Abortion as Self-Defence Part II: The Rape Comparison (Continued)

Abortion as Self-Defence, Part II

The Rape Comparison (continued)

Unwanted Pregnancy & Self-Defence: Part I

Content warning: I extensively discuss aspects of rape in the following post. It may cause distress to some people. If you or someone you know has been the victim of sexual assault, you can find a listing of Australian services here.

Comparison 3: The Strong Versus The Weak

  • In rape, a stronger individual enforces their will over a (physically) weaker individual by means of strength.
  • In unwanted pregnancy, the unborn child is the weaker individual, and acts involuntarily by means of biology – not strength; an act which is reciprocated by the women’s biology.

Circumstances under which we accept that it is good and moral for a stronger individual to enforce their will over that of a weaker individual are those in which the weaker individual is benefited. For example, I doubt my children would choose to have a vaccination if they were consulted. Should their will be the deciding factor, they would no doubt go without vaccinations. I enforce my will over theirs because the ultimate benefit of vaccination far outweighs the deprivation of their decision-making abilities. In rape, there is no benefit for the victim. The enforcement of will by means of strength cannot be justified by these means.

The unborn child, on the other hand, is one of the weakest elements of our society. They are unable to defend themselves in any fashion or form. Their ability to implant in the uterus and develop rests wholly in their biology and the biology of the man and woman who conceived them – or the ability of the scientist who manipulates them. They have no will to enforce and no strength to ensure their survival. They cannot be considered in the same light as a rapist, ergo the pregnancy cannot be considered in the same light as a rape.

Comparison 4: Desire Versus Rights

  • In rape, the rapist seeks to fulfil their desire – for sexual release, control, power etc. – resulting in the violation of another’s rights.
  • In unwanted pregnancy, the unborn child is fulfilling a biological imperative resulting – it could be argued – in the violation of the mother’s rights.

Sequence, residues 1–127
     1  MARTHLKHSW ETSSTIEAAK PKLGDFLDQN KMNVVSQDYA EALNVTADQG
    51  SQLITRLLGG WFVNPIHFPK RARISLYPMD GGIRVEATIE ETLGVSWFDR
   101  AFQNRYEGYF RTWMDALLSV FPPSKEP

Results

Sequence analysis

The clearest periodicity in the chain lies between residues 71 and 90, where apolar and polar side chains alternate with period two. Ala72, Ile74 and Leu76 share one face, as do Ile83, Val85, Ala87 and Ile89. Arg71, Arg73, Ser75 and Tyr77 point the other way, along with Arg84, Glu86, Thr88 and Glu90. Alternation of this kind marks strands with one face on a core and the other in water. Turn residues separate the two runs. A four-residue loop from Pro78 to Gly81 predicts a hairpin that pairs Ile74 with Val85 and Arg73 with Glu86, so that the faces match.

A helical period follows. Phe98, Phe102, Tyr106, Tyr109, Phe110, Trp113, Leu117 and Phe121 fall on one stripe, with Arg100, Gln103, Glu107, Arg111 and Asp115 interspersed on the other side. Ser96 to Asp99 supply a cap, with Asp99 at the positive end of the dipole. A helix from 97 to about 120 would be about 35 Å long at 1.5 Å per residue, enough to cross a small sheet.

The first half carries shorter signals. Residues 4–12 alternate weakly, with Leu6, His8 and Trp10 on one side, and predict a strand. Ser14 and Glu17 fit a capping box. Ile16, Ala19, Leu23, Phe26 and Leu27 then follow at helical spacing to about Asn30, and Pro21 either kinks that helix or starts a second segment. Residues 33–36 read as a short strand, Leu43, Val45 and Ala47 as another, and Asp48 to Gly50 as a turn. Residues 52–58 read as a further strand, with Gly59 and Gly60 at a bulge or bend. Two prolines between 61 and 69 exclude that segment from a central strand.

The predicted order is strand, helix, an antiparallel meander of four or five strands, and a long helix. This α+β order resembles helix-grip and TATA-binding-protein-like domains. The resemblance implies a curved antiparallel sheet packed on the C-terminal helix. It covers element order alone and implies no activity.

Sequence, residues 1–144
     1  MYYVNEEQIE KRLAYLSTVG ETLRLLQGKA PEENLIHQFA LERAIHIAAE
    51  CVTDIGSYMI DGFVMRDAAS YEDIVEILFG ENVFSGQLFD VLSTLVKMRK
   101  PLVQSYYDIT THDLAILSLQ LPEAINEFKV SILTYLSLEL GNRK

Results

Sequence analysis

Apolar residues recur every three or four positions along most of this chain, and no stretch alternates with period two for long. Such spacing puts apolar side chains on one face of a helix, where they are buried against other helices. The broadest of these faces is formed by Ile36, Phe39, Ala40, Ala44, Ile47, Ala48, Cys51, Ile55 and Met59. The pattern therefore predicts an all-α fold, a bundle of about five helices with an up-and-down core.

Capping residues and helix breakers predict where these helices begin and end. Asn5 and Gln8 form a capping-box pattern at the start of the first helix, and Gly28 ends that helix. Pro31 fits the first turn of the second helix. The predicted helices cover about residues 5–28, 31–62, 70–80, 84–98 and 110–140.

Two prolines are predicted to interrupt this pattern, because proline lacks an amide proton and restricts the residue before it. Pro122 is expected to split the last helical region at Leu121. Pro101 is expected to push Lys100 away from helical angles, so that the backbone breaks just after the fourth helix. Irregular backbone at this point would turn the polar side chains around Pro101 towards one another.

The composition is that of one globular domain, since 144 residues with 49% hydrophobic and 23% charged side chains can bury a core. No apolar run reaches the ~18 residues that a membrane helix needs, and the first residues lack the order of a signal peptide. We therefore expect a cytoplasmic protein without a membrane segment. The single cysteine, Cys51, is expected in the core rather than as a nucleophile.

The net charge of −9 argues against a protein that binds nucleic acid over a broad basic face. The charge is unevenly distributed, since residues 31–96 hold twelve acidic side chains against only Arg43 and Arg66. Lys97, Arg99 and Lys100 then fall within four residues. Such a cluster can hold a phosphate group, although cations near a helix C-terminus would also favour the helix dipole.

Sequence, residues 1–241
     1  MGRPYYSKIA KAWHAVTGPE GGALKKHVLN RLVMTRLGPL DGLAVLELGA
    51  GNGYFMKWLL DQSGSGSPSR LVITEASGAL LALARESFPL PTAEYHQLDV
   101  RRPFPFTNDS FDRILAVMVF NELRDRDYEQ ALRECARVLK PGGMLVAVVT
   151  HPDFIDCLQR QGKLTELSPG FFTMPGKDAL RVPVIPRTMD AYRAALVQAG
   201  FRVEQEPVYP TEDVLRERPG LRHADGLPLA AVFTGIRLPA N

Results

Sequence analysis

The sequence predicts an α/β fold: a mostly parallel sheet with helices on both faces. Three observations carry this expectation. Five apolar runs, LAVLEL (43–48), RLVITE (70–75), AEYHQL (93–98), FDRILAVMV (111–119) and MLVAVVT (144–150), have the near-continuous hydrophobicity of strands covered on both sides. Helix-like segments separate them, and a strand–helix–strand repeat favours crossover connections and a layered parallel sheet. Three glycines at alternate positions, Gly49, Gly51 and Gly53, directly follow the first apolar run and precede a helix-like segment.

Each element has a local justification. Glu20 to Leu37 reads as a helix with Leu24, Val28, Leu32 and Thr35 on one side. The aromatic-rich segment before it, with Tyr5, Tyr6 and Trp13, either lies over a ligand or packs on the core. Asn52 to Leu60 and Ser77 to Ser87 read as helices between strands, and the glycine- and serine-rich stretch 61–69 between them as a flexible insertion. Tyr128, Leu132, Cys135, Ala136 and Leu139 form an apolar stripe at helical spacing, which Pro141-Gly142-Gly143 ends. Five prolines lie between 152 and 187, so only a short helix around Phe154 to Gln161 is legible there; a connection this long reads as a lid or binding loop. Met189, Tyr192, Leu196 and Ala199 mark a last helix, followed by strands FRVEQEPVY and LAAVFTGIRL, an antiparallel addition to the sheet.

Rape violates the victim’s right to security of person, bodily autonomy and their right not to be subjected to ‘cruel, inhuman or degrading treatment’. There is no question in the mind of a reasonable person that the benefit that the rapist gains from the act of rape – the fulfillment of their desire – is not sufficient to justify the violation visited upon the victim. Any claims that the rapist is exercising their right to use their body as they please can be summarily dismissed by pointing out the incredibly detrimental effect that such an application of rights has upon the rape victim.

In an unwanted pregnancy, the embryo first implants into the lining of the woman’s uterus, in what might be considered in technical terms to be a physical invasion. The growing embryo, and then foetus, subsists upon nutrients and oxygen drawn from the woman’s circulation, while depositing their waste products of carbon dioxide and other metabolites back into this circulation. This use of the woman’s body can be considered a violation of her bodily autonomy, just as we would consider it to be in some other circumstance where one’s body is non-consensually used to sustain another.

The difference between the violation of rights committed by the unborn child and that committed by the rapist is that, (a) the unborn commits such a violation completely involuntarily; indeed they are compelled by physiological processes and are as much at the mercy of their biology as is the woman, and (b) the unborn child commits the violation for the continuance of their survival – the ending of which constitutes a violation of their right not to be arbitrarily killed, assuming you are willing to ascribe human rights to the unborn. So rather than a desire versus rights situation (rape), where it should be abundantly clear that the desires of one individual do not outweigh the rights of another individual, unwanted pregnancy is a matter of a rights versus rights situation, where the conclusion is not so clear-cut (for a discussion of balancing conflicting human rights, see my earlier post here).

In Unwanted Pregnancy & Self-Defence: Part III, I will be discussing some general thoughts regarding self-defence, and how these relate to unwanted pregnancy.

Author: Elizabeth

I am in my mid thirties, a medical student and mother to four amazing little girls. My first venture into pro-life writing was when I wrote an essay on abortion in high school, but I didn't become passionate about protecting the unborn until after I had my first daughter in 2010. I hope my writing will help those who have questions about abortion, and help to build understanding of the arguments surrounding abortion.

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